by Gemma Reguera
The only part of the electromagnetic spectrum that is visible to the human eye is in the narrow region between 390 and 750 nm, which contains all the colors of the rainbow and is referred to as the visible or vis light spectrum (vertical arrow at the bottom). Source.
Our appreciation of the colors of nature is limited by the narrow wavelengths of the electromagnetic spectrum that our eyes can detect. This portion of the electromagnetic spectrum between 390 and 750 nm is what we refer to as the visible (vis) light or, simply, light. We cannot see below (ultraviolet light) or above (infrared light) these wavelengths. Yet this narrow margin of detection allows us to see all the colors of the rainbow, spreading across the visible spectrum from violet (shortest wavelength) to red (longest wavelength). You can see the color palette of visible light in the rainbow up in the sky on a rainy day, as light is dispersed by water droplets. You can also reveal the full color of the visible spectrum using a glass prism: the change of speed of the light as it crosses the glass medium changes the direction of the light waves and enables their dispersion.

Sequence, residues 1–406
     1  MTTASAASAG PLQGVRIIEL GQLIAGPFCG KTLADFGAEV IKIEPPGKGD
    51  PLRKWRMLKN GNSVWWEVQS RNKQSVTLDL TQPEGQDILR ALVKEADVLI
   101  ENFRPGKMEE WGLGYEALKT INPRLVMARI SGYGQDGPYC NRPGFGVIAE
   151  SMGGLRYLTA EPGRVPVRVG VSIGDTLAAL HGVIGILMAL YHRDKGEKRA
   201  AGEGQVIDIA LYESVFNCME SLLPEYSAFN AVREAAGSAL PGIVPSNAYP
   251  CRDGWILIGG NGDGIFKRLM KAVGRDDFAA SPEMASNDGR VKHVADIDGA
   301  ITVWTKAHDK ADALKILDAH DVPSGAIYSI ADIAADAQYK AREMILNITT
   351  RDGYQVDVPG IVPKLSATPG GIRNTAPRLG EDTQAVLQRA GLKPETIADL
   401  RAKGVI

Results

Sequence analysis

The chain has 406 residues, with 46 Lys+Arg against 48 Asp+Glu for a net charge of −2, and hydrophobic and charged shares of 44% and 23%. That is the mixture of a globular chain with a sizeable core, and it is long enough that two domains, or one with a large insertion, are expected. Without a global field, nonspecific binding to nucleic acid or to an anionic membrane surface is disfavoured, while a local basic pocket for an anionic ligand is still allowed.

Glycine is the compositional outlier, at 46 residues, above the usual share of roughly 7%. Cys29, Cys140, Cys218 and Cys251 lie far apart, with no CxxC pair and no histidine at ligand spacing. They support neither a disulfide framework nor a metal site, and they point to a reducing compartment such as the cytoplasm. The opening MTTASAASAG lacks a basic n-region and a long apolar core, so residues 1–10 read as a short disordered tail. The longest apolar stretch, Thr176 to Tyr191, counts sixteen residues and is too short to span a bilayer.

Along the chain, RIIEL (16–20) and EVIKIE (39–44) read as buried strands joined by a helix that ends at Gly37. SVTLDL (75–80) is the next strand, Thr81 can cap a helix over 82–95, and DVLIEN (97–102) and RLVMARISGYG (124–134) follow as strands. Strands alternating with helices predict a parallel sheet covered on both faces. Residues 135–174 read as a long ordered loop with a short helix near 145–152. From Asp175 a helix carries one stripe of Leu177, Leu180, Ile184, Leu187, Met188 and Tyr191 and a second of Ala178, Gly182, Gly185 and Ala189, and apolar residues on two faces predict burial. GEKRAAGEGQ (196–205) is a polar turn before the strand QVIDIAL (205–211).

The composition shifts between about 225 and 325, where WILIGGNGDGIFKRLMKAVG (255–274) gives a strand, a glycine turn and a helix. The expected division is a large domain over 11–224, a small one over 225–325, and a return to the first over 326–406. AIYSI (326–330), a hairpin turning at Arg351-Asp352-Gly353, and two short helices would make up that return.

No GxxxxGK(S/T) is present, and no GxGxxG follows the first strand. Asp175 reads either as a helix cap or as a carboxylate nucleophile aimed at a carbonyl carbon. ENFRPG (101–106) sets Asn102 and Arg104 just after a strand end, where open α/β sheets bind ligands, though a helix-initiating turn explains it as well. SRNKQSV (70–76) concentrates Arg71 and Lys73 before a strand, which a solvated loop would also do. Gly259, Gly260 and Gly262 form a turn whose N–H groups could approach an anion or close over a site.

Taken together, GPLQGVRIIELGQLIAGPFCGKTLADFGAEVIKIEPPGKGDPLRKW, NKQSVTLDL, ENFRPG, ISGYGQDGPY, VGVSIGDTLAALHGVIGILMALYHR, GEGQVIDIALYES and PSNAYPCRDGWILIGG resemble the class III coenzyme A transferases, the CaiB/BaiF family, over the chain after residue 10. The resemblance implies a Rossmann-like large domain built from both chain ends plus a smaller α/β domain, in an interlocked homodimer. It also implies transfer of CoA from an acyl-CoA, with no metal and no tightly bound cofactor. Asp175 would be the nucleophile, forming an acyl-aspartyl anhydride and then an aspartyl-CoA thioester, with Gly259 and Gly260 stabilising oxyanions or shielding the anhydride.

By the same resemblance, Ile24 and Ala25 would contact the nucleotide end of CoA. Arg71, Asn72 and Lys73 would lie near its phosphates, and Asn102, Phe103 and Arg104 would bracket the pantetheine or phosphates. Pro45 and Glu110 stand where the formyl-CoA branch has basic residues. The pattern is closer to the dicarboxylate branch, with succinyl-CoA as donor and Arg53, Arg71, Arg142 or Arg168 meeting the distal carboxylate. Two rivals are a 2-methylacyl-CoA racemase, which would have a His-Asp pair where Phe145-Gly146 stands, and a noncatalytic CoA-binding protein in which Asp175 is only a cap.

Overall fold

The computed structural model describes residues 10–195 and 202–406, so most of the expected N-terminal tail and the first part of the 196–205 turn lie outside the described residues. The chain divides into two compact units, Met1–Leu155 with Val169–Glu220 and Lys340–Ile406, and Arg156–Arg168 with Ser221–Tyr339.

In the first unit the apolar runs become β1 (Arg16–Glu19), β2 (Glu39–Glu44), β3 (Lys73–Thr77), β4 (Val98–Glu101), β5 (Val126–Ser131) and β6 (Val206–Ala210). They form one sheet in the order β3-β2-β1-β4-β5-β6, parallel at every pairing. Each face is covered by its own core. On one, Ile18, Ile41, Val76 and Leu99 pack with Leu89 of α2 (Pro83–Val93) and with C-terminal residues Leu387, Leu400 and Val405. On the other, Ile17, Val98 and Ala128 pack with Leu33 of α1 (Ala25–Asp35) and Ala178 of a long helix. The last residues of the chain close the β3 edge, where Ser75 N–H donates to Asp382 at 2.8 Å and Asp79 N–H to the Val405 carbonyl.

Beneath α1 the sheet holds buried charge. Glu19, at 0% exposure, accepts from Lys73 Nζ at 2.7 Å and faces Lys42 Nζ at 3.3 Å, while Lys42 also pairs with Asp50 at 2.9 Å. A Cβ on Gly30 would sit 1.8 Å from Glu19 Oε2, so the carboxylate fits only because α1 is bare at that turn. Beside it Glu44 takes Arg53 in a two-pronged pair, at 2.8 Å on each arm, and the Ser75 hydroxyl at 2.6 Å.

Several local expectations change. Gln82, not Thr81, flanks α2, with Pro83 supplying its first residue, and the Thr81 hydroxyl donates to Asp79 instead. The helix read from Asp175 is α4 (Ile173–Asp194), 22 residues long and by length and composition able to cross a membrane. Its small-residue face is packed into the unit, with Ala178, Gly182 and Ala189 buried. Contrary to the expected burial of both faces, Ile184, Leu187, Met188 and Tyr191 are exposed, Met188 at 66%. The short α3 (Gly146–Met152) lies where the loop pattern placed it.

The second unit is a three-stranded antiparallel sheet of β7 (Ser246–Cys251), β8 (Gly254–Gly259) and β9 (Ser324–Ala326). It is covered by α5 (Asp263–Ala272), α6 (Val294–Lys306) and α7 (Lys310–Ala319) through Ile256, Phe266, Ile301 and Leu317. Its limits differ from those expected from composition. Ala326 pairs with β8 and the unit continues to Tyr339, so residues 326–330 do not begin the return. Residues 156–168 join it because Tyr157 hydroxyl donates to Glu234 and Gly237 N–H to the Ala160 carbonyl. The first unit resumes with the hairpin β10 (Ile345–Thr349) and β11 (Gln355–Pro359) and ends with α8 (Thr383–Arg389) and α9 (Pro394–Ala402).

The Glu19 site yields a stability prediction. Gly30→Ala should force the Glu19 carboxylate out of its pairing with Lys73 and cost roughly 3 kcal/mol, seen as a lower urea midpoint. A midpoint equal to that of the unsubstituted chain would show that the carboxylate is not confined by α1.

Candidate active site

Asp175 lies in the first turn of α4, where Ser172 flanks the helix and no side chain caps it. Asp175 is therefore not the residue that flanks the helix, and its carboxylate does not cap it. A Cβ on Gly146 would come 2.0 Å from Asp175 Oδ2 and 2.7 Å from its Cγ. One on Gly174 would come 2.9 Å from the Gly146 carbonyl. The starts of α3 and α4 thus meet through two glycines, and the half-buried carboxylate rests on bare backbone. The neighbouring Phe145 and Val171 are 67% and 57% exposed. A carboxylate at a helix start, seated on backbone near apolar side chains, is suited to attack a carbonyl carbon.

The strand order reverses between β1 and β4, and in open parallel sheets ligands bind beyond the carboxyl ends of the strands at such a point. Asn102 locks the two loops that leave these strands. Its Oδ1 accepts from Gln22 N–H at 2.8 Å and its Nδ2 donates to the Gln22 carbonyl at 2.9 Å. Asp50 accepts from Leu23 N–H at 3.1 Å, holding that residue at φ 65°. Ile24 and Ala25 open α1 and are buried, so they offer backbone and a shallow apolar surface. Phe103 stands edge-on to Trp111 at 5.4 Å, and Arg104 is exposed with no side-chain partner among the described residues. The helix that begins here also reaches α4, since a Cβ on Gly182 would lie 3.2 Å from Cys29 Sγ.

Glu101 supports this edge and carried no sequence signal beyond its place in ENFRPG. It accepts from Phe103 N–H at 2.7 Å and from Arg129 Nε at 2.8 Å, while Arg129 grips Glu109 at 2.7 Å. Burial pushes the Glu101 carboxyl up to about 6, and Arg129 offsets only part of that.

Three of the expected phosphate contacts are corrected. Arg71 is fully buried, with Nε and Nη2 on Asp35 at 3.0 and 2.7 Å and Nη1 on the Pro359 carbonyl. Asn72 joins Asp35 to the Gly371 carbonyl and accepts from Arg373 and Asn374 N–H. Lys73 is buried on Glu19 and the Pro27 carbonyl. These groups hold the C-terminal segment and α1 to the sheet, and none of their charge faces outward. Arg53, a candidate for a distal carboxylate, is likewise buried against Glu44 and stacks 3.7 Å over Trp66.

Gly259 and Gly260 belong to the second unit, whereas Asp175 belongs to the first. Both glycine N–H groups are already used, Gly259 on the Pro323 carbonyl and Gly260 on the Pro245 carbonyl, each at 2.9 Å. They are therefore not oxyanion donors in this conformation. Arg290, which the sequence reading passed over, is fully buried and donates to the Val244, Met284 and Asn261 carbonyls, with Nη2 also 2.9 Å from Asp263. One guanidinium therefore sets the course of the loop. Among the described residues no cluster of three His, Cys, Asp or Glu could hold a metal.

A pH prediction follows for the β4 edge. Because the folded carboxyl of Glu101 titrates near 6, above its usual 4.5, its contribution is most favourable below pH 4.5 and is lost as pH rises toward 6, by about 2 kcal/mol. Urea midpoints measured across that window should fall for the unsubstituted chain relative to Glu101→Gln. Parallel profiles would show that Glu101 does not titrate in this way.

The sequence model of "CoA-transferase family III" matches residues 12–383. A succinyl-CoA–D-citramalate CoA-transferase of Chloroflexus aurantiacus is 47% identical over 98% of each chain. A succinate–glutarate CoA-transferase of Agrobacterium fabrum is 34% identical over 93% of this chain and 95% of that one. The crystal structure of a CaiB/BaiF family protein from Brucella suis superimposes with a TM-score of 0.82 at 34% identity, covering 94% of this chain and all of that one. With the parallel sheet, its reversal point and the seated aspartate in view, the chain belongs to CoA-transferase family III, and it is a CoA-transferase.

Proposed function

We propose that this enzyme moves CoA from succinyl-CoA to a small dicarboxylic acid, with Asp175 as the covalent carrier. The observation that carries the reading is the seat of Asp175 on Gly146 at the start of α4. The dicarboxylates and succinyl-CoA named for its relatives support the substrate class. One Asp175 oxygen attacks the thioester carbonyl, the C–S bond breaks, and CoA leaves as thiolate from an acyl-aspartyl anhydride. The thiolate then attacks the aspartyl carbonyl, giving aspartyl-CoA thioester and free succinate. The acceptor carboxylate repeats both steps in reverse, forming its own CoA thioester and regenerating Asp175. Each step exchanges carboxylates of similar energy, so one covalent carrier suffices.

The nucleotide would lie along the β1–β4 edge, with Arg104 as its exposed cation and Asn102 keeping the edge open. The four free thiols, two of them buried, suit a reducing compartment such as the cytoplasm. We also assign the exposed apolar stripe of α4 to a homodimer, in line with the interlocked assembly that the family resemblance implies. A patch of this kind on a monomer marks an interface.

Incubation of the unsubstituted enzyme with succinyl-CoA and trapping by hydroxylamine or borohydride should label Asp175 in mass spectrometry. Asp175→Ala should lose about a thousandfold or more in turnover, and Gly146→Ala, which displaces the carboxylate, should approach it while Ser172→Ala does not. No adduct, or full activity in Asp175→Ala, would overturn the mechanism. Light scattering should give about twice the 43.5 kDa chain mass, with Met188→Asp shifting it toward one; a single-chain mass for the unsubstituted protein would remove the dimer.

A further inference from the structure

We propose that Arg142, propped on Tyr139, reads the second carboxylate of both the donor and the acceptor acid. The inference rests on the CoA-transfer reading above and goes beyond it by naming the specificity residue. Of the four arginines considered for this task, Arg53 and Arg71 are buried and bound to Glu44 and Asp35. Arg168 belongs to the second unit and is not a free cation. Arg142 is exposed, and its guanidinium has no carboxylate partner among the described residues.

Iridescence from soap bubbles (left), shells (middle) and the exoskeleton of a golden stag beetle (right). Source.
Some natural surfaces can produce even more complex optical effects than rain droplets or a glass prism by selectively reflecting light of specific wavelengths and, therefore, specific colors. One optical effect, in particular, the one called iridescence, produces some of the most intense colorations in nature such as the rainbow-like coloration of soap bubbles, the inside of some shells, and the bright colors of the exoskeleton of some insects. The word iridescence originates from the Greek iris, which means ‘rainbow’, and refers to the optical property of some surfaces to change color and its intensity with the illumination or the viewing angle. Iridescent surfaces are uniquely structured in a way that causes the reflected light waves to interact physically with each other. The crests and troughs of the reflected light waves sometimes align (they are ‘in phase’) and reinforce each other, thus increasing the intensity of the reflected color. By contrast, if the reflected light waves are out of phase, they can cancel each other out and those particular colors never manifest. The final effect of this optical interference is the production of one or more predominant colors, the type and intensity changing with the angle of illumination and/or observation. Thus, iridescent colors are ‘structural’: they do not result from pigmentation but from physical interactions between light and surfaces.